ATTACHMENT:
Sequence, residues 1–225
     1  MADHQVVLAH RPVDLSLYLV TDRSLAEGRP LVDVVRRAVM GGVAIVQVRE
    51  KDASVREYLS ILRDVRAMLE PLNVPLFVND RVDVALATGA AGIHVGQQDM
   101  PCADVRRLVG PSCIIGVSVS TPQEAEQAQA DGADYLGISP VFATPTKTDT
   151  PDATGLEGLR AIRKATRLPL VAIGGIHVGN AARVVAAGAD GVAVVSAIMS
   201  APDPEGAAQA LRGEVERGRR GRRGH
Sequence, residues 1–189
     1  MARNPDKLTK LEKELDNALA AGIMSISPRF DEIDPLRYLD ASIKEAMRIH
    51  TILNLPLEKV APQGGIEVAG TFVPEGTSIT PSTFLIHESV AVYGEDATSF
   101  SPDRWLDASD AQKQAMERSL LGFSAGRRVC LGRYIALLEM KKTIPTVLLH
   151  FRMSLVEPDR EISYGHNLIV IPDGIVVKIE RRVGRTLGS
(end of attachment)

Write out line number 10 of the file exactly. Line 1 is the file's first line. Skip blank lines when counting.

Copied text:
   101  SPDRWLDASD AQKQAMERSL LGFSAGRRVC LGRYIALLEM KKTIPTVLLH